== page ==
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Le 2011-03-19 10:18, Ryan Jendoubi a écrit :
Hi all,

Would like your opinion on the following.

When I'm make styles for a new template, I always create New styles, usually with a common prefix in the name, to avoid some hypothetical namespace conflict in the future, e.g. when copying or including parts from one document to another.

I'm always wondering though whether it wouldn't be better to just modify the Default styles instead of creating new ones? So for example, instead of having an "Essay Para" style in and "Notes Para" in, just modify "Text Body" or something in each template to what I want the standard paragraph style to be for that template.

The possible utility of this has just occurred to me now I've started fussing around with keyboard shortcuts for styles. Since shortcuts are saved in LibreOffice (or at least in Writer) as opposed to along with Templates or with individual documents, if I set a shortcut for e.g. "Essay Para" for use with my Essay template, that shortcut key is useless for working in any other template that doesn't have the "Essay Para" style.

All my programming genes tell me to avoid namespace conflicts, inherit and specialise, etc. And there other way of getting around the problem above is to say that keyboard customisations in LibreOffice Writer ought to be saved with the Template somehow, as opposed to being universal. I certainly think there's something to be said for that.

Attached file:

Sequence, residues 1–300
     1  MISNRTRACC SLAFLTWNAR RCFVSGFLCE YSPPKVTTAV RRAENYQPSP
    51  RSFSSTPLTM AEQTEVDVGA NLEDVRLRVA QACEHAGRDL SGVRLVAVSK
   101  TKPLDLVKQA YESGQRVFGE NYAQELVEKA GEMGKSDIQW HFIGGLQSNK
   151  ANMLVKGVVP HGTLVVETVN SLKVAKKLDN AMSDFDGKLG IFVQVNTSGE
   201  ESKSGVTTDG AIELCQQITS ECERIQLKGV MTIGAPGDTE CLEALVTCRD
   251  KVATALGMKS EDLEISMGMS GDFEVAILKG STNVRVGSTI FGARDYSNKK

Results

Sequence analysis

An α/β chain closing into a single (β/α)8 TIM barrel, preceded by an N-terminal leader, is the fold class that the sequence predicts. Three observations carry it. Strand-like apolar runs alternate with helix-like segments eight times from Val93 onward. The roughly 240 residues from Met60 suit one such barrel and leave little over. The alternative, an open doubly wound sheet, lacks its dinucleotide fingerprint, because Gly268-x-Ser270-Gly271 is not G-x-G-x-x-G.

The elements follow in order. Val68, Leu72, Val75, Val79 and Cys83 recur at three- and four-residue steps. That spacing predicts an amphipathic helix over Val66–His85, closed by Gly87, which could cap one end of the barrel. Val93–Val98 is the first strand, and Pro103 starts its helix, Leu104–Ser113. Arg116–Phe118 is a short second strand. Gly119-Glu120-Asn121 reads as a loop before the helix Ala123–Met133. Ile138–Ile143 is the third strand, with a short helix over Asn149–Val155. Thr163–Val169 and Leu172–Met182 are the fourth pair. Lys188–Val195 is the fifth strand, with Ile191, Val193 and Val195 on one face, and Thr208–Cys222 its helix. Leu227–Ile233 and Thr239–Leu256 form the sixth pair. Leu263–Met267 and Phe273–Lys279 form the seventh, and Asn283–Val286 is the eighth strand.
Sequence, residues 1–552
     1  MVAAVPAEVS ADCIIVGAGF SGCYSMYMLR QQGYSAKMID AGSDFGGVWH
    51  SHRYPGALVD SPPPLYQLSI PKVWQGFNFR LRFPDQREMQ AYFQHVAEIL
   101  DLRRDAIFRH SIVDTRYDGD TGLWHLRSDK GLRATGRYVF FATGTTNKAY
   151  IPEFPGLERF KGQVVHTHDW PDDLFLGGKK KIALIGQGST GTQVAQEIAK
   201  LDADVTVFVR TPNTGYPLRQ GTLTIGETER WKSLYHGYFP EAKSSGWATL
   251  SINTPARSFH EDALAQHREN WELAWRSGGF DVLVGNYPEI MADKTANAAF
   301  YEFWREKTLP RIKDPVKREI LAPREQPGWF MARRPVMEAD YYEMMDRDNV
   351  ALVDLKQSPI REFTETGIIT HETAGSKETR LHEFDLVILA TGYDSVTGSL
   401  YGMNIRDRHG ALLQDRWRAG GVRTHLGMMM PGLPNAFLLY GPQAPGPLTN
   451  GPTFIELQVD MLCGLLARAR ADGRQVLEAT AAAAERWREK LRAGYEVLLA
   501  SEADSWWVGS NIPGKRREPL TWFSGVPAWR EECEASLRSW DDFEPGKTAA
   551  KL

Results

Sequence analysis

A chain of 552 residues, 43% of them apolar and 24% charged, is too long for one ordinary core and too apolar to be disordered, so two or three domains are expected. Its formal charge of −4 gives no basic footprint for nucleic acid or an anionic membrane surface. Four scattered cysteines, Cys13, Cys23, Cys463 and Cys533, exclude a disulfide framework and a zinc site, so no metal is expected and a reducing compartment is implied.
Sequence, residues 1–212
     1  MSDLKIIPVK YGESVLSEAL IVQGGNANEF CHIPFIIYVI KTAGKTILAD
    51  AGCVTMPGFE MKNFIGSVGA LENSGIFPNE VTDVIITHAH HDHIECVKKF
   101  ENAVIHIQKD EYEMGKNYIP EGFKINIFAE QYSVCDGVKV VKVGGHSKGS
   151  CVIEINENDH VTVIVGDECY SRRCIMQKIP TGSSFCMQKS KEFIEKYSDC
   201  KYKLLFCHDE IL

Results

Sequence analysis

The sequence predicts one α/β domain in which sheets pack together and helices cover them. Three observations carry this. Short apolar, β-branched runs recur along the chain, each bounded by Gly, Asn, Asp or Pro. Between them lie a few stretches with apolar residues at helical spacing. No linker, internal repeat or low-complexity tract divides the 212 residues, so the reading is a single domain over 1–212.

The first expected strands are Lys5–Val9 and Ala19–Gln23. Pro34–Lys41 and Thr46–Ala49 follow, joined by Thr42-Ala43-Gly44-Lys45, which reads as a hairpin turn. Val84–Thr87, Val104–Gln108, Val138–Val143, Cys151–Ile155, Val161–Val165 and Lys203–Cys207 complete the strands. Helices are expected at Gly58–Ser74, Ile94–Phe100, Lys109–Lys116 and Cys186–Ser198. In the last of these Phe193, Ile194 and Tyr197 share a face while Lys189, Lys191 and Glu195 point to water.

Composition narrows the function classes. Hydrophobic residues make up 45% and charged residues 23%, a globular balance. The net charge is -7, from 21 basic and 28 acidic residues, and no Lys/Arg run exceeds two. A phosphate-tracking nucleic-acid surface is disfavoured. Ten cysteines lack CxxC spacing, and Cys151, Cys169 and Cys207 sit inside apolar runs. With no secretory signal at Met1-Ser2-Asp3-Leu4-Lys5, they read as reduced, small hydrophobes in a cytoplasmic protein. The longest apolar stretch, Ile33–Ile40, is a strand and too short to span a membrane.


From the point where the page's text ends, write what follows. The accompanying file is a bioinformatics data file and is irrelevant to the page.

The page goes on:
What do y'all think? How do you manage and apply your templates and styles effectively?

-- Ryan

I see advantages with both approaches.

As far as I am concerned, I stay with standard style names and have added a few of my own where the style sheet is lacking. But in most cases, I either write letters and documents from scratch – in which case my standard style sheet works best – or I write a very long document or a family of shorter documents (ex.: a series of information sheets), in which case I create a style sheet, fine-tune the first document and "save as" to do the other ones.

I like my approach for two reasons.
1. As you say, my shortcuts and style names are standard. I start with a Header 1, continue with Body Text and a few Header 3/4 within the text, so it's very easy to do ctl-3 (to get a header) and have it followed automatically by a standard paragraph (ctl-0). 2. I often borrow text from other documents or from my colleagues (with permission). In that situation, what was formatted as body text using Calibri 10-pt in one document automatically comes properly formatted as, say, New Century 9-pt in the other document, with minimal reformatting to do. I could paste without formatting, but I would loose header markings in the original text. Besides "complex" formatting codes would be lost: when I paste without formatting, new line marks are converted as new paragraphs, hard spaces (useful in many French punctuation marks) are converted as standard spaces, and so on.

On the other hand, if you want your text to always stay styled the same way, even when you copy it into other documents, then use document-specific style names.

All that being said, I find one compelling reason to use style names that are NOT the default style names: if you routinely export your documents in Word format. LibreOffice exports fairly well to the doc format. But there are a few format inconsistencies and most of them are related to default style names (at least between French versions of OpenOffice, LibreOffice and Microsoft Office 2003). For instance, the "heading" style is converted with the tabs defined in Word and default bullet styles are converted strangely.

P.S. I would love LibreOffice to come with no pre-defined styles (or at least with very few basic ones), so I would have only the styles I want, defined how I want them and I would have only those. I would remove especially the 40 bullet and numbering styles that appear as paragraph styles, especially considering there also are many bullet styles and character styles.


Michel Gagnon – <>
Montréal (Québec, Canada) – <>

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